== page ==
18Football cleanupThe football team at Pine Forest and the baseball team at Gray’s Creek both saw damage done to their respective athletic fields during the recent visit of Hurricane Floyd to Cumberland County. 

But that didn’t pre­vent players from both teams reaching out to others in the com­munity who had been harder hit by the storm than they were. 

At Pine Forest, coach Bill Sochovka was greeted to the site of a large sinkhole that developed near the goal line on one end of the field at Harold K. Warren Stadium. 

But Sochovka got even more disturbing news from his defensive coordinator, Jeff Houghton, who lives in the Spring Lake area. Houghton shared reports with Sochovka about the devasta­tion caused around Spring Lake by the flooding that Hurricane Florence caused. 

“We do a lot for the north side of town,’’ Sochovka said. But he added that there are a lot of current Pine Forest football players as well as alumni who are in the Spring Lake area, so he felt it was important to lend a hand there as well.

The Saturday after the storm passed, the Trojan football team practiced in the morning, then a dozen players went to Spring Lake, specifically to the area off Vass Road, to help out in neighbor­hoods that were flooded by the storm.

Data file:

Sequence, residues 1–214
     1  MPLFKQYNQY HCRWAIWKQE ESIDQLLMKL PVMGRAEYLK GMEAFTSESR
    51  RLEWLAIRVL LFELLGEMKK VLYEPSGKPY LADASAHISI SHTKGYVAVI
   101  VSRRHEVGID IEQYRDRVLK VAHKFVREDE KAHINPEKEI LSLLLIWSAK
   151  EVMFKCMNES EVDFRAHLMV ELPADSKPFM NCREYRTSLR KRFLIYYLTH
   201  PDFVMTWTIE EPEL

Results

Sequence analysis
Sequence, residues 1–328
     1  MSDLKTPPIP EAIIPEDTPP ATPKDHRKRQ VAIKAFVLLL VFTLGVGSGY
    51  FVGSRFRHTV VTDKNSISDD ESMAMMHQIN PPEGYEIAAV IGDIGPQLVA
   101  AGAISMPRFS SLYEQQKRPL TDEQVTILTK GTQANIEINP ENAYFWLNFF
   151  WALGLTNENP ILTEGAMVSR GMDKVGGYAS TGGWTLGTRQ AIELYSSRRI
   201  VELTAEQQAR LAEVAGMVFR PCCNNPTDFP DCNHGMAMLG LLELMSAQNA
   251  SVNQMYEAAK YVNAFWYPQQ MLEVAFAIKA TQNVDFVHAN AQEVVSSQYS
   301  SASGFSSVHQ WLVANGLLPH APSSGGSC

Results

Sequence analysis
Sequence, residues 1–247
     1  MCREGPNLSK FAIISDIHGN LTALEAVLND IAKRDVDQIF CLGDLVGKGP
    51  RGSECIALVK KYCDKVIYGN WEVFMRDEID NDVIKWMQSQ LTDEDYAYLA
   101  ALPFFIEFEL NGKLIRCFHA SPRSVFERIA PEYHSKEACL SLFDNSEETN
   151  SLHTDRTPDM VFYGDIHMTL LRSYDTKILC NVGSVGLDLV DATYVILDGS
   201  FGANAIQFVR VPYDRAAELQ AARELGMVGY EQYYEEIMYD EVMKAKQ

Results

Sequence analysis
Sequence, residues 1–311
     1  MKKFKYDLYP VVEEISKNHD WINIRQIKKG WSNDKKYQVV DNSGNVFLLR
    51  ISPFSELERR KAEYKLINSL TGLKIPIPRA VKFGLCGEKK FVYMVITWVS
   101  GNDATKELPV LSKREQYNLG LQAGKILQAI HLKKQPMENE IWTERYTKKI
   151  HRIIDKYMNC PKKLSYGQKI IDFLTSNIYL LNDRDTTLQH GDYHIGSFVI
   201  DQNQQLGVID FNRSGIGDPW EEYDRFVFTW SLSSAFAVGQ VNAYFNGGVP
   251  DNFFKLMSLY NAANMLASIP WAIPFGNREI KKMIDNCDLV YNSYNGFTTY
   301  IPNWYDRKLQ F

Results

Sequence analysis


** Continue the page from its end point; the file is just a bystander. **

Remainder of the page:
“They helped move stuff out of seven houses,’’ Sochovka said. “They were there from about 10 in the morning until four in the afternoon. What would have taken those folks days to do they did in a few hours.’’ 

Sochovka also helped out at the shelter that was opened at the Pine Forest gym for people dis­placed by the storm. He worked with Red Cross volunteers to show them around the building and make them aware of the various facilities available in the gym. 

Sochovka said disaster relief was a new experi­ence for many in the Trojan family. “You can sit and watch on TV, or you can do it in your community and be effective,’’ he said. 

Gray’s Creek baseball coach Jeff Nance saw minor damage to his field as some fences were blown down, signs knocked off the scoreboard and shingles blown from the dugout. 

But he also saw a need to help out in the Gray’s Creek community when a minister friend at an outreach called Balm of Gilead asked him for some assistance. 

“It’s a community outreach center that gives food and water to people, not just during disas­ters but anytime,’’ Nance said. The head of the ministry called and said she had a large supply of water coming in for disaster relief and needed help unloading it.

Nance sent out an appeal to his baseball team and about half of them showed up to unload the water and help prepare food bundles for delivery to people who had been hit hardest by the storm.

“This gives them the opportunity to see how for­tunate most of them are,’’ Nance said. “It brings out the best in them and the best in what we’re trying to teach them, teamwork.”

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